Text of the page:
You are on page 1of 3

762 F.

2d 1007

Unpublished Disposition
NOTICE: Sixth Circuit Rule 24(c) states that citation of
unpublished dispositions is disfavored except for establishing
res judicata, estoppel, or the law of the case and requires
service of copies of cited unpublished dispositions of the Sixth
NO. 84-1341

United States Court of Appeals, Sixth Circuit.


On Appeal from the United States District Court for the Western District
of Michigan
Before: ENGEL, MARTIN and KRUPANSKY, Circuit Judges.

Lois Hess appeals from the judgment of the District Court for the Western
District of Michigan granting the defendant's motion for directed verdict. The
sole issue in this diversity case is whether a reasonable juror viewing the
evidence in the light most favorable to the plaintiff could find by a
preponderance of the evidence that design defects in a ladder and catwalk
manufactured by the defendant proximately caused the plaintiff's injuries.

Lois Hess, an employee of General Foods Corporation in Battle Creek,

Michigan arrived at work on June 1, 1980 at approximately 11:00 p.m. Part of
her responsibilities that evening included washing down food processing

equipment in the 'accumaveyor' room. In order to wash this equipment, Hess

had to stand on a catwalk approximately eight feet off from the floor. The only
access to the catwalk was a fixed vertical ladder located on one of the walk's
ends. The catwalk and vertical ladder were part of a bulk storage system
designed, manufactured and nstalled by Food Engineering Corporation.
Anyone wishing to descend the ladder from the walk had to first pull back a
springloaded metal gate that had been placed across the end of the walk. At
approximately 12:00 midnight on June 1, the plaintiff fell from somewhere near
the end of the catwalk as she was preparing to descend the ladder to get new
wash water and to take a work break.

Hess brought suit against Food Engineering Corporation, alleging negligence

and design defects. Specifically, she argued that the system was unsafe because
a fixed stairway should have been provided to reach the catwalk rather than a
fixed vertical ladder. Because of the severe injuries to her head, Hess could not
remember the exact details of her accident. She did remember ringing out her
sponge and setting her water bucket down on the catwalk. The next thing she
remembered was waking up in the hospital following the accident. No other
witnesses saw what caused the accident.

Benjamin LaBelle, a production foreman for General Foods and Hess's

supervisor on the night of her fall, testified that he was working in the same
room as Hess at the time of the accident. He had his back to the area in which
she was working when he heard a 'clang.' He immediately turned around and
saw Hess in midfall approximately four feet in the air in a horizontal position.
LaBelle testified that in his opinion the 'clang' he heard was the sound of the
gate shutting against the metal gate stop. He also testified that he though that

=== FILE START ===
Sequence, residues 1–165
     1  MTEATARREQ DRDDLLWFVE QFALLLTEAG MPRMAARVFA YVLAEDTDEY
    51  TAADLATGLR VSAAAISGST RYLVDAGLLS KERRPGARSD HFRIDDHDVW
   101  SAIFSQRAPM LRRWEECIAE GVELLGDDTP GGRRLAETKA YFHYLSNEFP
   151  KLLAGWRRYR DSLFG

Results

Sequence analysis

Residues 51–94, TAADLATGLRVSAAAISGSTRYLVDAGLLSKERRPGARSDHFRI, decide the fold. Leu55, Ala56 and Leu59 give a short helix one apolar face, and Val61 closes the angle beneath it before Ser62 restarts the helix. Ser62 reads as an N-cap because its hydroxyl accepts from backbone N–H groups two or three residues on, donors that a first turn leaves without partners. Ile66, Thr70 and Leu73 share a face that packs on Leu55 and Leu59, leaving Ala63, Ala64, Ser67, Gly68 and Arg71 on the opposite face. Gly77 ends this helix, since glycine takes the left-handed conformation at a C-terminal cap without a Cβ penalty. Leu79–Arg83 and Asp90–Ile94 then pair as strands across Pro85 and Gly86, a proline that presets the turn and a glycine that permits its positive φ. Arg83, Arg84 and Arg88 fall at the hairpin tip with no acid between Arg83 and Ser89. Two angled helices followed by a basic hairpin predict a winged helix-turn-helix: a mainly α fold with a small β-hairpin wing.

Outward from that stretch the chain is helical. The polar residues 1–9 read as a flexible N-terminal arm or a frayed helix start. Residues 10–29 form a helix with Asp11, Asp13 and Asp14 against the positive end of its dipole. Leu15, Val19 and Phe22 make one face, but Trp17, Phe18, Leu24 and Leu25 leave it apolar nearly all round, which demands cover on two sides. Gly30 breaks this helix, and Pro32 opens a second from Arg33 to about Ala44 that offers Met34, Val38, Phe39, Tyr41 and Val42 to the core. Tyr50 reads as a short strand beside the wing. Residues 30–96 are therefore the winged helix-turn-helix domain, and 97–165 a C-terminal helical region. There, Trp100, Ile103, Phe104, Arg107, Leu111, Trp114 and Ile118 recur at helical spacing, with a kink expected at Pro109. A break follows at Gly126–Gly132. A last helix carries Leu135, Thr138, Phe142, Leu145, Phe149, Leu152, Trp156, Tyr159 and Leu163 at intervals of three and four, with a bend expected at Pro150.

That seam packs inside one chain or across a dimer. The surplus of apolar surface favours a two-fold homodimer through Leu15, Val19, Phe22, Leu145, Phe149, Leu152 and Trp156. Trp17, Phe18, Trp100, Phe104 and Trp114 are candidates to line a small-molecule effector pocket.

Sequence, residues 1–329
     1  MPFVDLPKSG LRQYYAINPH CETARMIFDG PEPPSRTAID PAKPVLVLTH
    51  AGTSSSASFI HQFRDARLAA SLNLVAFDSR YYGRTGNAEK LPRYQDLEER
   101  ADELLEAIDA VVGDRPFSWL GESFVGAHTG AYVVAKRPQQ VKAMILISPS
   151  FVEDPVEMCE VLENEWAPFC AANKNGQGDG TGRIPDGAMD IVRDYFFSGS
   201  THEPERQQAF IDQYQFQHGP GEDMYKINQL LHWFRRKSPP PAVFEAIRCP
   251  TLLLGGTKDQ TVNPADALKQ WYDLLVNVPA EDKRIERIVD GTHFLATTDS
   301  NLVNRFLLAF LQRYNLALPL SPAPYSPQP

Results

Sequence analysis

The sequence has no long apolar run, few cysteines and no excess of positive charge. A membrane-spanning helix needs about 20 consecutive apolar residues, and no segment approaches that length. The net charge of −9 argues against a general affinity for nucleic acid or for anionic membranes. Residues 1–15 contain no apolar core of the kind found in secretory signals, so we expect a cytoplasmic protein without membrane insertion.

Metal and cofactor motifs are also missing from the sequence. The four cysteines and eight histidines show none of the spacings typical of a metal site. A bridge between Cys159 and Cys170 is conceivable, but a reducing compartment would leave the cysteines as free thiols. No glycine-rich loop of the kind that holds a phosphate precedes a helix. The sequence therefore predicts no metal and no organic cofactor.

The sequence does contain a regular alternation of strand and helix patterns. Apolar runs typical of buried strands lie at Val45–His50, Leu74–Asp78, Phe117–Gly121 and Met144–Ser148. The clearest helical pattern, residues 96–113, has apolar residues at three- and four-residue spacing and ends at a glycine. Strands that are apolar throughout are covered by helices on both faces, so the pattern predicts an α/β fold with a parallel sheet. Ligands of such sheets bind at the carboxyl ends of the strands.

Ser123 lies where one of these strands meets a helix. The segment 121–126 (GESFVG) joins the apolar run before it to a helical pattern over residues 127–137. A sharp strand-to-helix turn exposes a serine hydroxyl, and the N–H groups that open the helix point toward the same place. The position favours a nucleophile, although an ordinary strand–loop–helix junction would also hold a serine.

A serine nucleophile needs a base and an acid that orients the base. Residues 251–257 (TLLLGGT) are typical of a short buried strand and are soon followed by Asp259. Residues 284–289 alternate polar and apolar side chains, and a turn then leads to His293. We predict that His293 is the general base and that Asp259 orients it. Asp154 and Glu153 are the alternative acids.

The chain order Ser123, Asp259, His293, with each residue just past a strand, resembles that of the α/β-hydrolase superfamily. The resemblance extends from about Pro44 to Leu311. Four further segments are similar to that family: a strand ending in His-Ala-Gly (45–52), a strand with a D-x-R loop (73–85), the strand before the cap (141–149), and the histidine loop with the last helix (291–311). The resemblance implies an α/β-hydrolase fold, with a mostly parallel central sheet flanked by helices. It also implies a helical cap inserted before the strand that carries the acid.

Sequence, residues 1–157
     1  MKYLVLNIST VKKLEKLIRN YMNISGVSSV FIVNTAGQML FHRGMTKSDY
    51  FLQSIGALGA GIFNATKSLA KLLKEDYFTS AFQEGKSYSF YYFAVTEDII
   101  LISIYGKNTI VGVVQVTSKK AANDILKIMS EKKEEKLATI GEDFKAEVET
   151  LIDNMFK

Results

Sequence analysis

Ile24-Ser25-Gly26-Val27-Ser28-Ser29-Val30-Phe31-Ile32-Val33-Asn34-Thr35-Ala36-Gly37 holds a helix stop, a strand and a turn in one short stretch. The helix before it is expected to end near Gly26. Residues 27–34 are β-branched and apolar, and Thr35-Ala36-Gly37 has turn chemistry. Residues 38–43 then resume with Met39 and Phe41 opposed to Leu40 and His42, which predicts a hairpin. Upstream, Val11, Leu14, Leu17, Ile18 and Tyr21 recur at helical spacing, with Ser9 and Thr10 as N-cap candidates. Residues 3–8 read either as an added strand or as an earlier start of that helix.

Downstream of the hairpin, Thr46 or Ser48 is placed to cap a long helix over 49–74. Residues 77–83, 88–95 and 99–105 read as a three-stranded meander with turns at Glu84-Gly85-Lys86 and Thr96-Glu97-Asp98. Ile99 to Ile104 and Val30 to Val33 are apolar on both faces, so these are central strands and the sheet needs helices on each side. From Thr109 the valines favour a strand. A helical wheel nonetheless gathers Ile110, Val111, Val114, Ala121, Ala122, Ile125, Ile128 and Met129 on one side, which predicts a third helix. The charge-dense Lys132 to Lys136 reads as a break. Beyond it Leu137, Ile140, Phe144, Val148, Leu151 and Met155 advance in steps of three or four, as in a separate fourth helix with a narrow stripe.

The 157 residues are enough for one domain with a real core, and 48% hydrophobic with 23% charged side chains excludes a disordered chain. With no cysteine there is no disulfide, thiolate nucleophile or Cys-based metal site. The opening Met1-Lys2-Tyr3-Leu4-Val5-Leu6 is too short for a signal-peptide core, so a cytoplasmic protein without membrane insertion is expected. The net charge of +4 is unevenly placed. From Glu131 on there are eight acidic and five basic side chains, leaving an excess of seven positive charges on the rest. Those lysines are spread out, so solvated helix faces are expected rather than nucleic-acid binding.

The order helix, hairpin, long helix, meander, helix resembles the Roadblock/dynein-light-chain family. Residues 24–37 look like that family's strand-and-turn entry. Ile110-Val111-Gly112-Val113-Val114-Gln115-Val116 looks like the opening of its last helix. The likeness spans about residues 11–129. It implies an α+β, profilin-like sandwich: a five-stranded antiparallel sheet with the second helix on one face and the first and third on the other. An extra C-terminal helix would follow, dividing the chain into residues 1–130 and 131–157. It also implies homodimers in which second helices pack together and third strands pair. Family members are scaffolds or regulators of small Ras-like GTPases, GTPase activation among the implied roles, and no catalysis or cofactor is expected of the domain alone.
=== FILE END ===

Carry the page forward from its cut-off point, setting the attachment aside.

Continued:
the plaintiff was probably trying to get down off the catwalk when she fell.
Upon recross-examination, Mr. LaBelle admitted that there were several
possible explanations for the cause of Hess' fall and that the possibility that she
actually fell while on the ladder was 'less likely than the others.' LaBelle was
the only witness to see Hess in the process of falling.

Hess called one expert witness, Alex Nagy, who testified that the ladder access
to the catwalk was unsafe. However, Mr. Nagy admitted that he was not
qualified to give any expert testimony on whether the plaintiff's horizontal fall
indicated that she fell from the ladder or from the catwalk itself.

At the close of the plaintiff's case, the defendant moved for a directed verdict.
The trial court judge granted the motion on the ground that there was
insufficient evidence to establish that any alleged defect in the design of the
catwalk and the ladder proximately caused the plaintiff's injuries. Specificaly,

he found that there were several equally plausible explanations for the cause of
the plaintiff's fall. Because the plaintiff's evidence did not show that her
explanation for the accident was any more likely than any of the other
alternatives, the court held that there was insufficient evidence to go to the jury.
Hess now appeals arguing that the evidence creates a clear question of fact
concerning causation when viewed in the light most favorable to her.

On appeal, we were benefited by excellent briefs and oral argument on behalf

of both parties. After a careful examination of the entire record construed in a
light most favorable to Hess, we conclude that United States District Judge
Benjamin F. Gibson did not err in granting the defendant's motion for a directed
verdict. The principle and analysis applied by Judge Gibson are well supported
in Michigan law. Kaminski v. Grand Trunk Western Railroad Co., 347 Mich.
417, 79 N.W.2d 899 (1956); Stefan v. White, 76 Mich. App. 654, 257 N.W.2d
206 (1977); Buckeye Union Fire Ins. Co. v. Detroit Edison Co., 38 Mich. App.
325, 196 N.W.2d 316 (1972).

Although we agree with the district judge's decision to grant the motion for
directed verdict at the conclusion of plaintiff's proof, we caution that, as a
matter of general practice, such procedures should be aparingly employed. In
very close cases, the better procedure normally would be to reserve decision,
permitting the case to be submitted to the jury at the conclusion of all proofs
and, thus, avoiding the need for a retrial should the trial court decision be held
incorrect on appeal.